Proud ‘Cleftie’

IMG_0582When you’re a child and teenager, the last thing you want is to be labelled ‘different’ from your peers. You want to fit in, be one of them. At least that’s how I felt.

Hanging out with other cleft children was torture as their faces only reminded me of my own misshaped face. But because my parents were founding members of our local Cleft Lip and Palate Association (CLAPA), I had little choice but to attend the annual family picnics and other events arranged for parents and children with cleft.

My parents probably thought – or at least hoped – that meeting other cleft children would be good for me, but I hated every second of those picnics. So anxious was I to steer clear of other cleft kids that I became a pro at spotting them, even from a distance.

Today, I can still recognise fellow ‘clefties’ easily, although I no longer avoid them.

So what helped change my attitude towards other ‘clefties’? Well, to begin with, making peace with my own face and learning to love myself – all of me – helped a great deal. Becoming a mother also played an important role.

The first time I showed my young daughters the photo album chronicling my first few years, which my mother had put together for my fifth birthday, neither of them reacted to the pictures of the odd-looking baby with a gaping hole in her lip. It was only when I asked them to look again that they noticed that something was different. Still, they were pretty unfazed by the baby in the pictures. To them, it was no big deal.

Some time later, my older daughter came across a picture of a child with an unrepaired cleft in the newspaper. It was an ad for Smile Train, a charity that repairs clefts in the developing world and trains local doctors to perform the relatively simple but life-changing procedure.

‘Mummy, does that boy have the same as you did when you were a baby?’ she inquired as she focused on the picture.

Talking to my daughter about my cleft eventually enabled me to start speaking more openly about it to friends, colleagues and acquaintances. A life-long taboo had been broken and it felt tremendously liberating. I had finally reclaimed my cleft and by doing so I had healed myself from the grief, shame and humiliation I’d once felt over being born different.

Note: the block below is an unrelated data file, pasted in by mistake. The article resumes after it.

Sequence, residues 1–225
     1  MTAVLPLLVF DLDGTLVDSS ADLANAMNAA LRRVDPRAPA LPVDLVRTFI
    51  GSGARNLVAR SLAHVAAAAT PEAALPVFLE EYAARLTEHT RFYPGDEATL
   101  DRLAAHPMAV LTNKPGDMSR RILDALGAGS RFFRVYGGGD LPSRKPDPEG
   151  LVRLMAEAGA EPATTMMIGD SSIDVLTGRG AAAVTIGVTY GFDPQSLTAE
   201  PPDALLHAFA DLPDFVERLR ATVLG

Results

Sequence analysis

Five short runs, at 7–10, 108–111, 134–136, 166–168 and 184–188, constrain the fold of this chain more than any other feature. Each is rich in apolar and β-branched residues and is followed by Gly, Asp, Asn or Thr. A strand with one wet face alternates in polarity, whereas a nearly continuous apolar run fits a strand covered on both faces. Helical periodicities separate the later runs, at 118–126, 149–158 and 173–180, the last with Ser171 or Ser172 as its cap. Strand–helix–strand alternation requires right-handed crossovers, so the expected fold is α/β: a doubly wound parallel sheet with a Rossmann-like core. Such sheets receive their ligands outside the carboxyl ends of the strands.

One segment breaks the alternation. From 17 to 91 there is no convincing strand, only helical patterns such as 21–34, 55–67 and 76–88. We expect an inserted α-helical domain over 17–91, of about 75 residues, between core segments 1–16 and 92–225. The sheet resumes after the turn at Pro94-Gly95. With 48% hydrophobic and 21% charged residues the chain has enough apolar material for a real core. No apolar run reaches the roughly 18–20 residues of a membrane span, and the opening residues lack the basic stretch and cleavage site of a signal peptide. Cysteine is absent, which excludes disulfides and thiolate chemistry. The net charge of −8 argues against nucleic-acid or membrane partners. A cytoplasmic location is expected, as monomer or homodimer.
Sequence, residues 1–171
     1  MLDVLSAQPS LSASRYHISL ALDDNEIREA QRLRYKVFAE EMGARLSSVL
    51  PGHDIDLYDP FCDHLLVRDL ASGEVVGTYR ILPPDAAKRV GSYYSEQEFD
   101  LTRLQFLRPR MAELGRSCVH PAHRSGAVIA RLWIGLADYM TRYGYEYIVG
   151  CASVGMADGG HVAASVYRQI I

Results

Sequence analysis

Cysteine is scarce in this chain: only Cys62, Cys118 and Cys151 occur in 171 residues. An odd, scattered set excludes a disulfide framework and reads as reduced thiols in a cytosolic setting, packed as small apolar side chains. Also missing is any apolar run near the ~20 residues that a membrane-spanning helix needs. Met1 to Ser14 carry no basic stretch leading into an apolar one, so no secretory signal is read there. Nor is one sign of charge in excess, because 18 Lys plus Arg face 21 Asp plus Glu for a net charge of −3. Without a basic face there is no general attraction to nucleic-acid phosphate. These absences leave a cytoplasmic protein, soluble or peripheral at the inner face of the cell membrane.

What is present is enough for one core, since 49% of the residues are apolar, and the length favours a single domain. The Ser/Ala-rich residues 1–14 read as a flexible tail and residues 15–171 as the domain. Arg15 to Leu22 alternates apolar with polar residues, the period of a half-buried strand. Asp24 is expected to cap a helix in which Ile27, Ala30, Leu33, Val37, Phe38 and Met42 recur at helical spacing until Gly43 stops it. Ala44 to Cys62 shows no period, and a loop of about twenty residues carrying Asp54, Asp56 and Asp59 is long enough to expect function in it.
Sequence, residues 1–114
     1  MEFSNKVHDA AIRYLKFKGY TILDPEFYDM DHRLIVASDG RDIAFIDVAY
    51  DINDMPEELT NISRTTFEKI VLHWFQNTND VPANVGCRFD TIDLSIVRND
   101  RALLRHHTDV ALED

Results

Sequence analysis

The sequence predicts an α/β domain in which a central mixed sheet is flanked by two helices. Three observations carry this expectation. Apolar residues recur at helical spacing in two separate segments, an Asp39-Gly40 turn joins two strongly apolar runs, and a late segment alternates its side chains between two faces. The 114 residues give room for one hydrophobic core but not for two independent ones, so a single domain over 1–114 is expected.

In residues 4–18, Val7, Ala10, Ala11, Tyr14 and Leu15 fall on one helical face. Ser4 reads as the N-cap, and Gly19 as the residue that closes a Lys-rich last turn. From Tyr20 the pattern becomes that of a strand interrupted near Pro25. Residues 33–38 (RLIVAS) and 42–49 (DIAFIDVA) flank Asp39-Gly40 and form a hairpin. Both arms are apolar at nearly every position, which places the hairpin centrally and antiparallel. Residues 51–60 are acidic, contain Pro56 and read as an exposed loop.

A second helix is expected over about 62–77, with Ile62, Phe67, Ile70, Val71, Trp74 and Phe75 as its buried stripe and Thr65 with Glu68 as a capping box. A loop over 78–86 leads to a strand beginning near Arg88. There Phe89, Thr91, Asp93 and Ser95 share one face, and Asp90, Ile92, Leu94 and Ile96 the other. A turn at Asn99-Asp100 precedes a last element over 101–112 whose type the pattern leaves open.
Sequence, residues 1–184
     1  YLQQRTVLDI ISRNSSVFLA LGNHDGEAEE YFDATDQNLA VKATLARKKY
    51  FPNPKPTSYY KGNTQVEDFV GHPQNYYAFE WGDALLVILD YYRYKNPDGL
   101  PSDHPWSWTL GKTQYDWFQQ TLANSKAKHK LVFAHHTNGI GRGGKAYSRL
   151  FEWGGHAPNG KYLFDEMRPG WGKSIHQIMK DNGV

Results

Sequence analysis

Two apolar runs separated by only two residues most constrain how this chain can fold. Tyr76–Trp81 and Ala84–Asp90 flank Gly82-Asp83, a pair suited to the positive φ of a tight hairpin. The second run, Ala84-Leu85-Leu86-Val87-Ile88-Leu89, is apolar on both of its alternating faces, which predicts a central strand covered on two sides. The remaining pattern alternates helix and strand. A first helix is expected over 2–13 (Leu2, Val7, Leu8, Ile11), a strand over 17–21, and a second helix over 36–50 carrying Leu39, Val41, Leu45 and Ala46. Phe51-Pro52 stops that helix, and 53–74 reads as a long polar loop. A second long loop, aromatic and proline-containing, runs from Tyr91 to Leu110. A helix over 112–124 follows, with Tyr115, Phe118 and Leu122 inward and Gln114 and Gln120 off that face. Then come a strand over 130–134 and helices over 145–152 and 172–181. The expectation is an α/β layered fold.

At long last I was free to be the person I was born to be.

Born Whole

IMG_0534The first thing the obstetrician said upon delivering me, was:

‘It’s a girl, but she’s got a cleft lip so don’t look at her.’

‘Of course I want to see her,’ my mother protested.

Hesitating at first, the nurse held me up so that my mother could look at me.

‘You were so round and beautiful,’ she’d tell me years later.

Moments afterwards, they whisked me away for closer examination. Not only did I have a unilateral cleft lip and palate, something was also wrong with my oesophagus the nurse noted as she was trying to put a tube down to remove fluids. I was immediately taken for an x-ray, which revealed that the upper end of my oesophagus didn’t connect to the lower end and stomach. Instead, the lower end of the oesophagus was fused with my windpipe.

In order to enable me to swallow at all, I required immediate surgery but since a flu virus was making its way through the neonatal ward, it was decided I should be transferred by ambulance to another hospital for the procedure. My mother, still recovering from labour, stayed behind. Two weeks passed before she was allowed to visit and hold me for the very first time.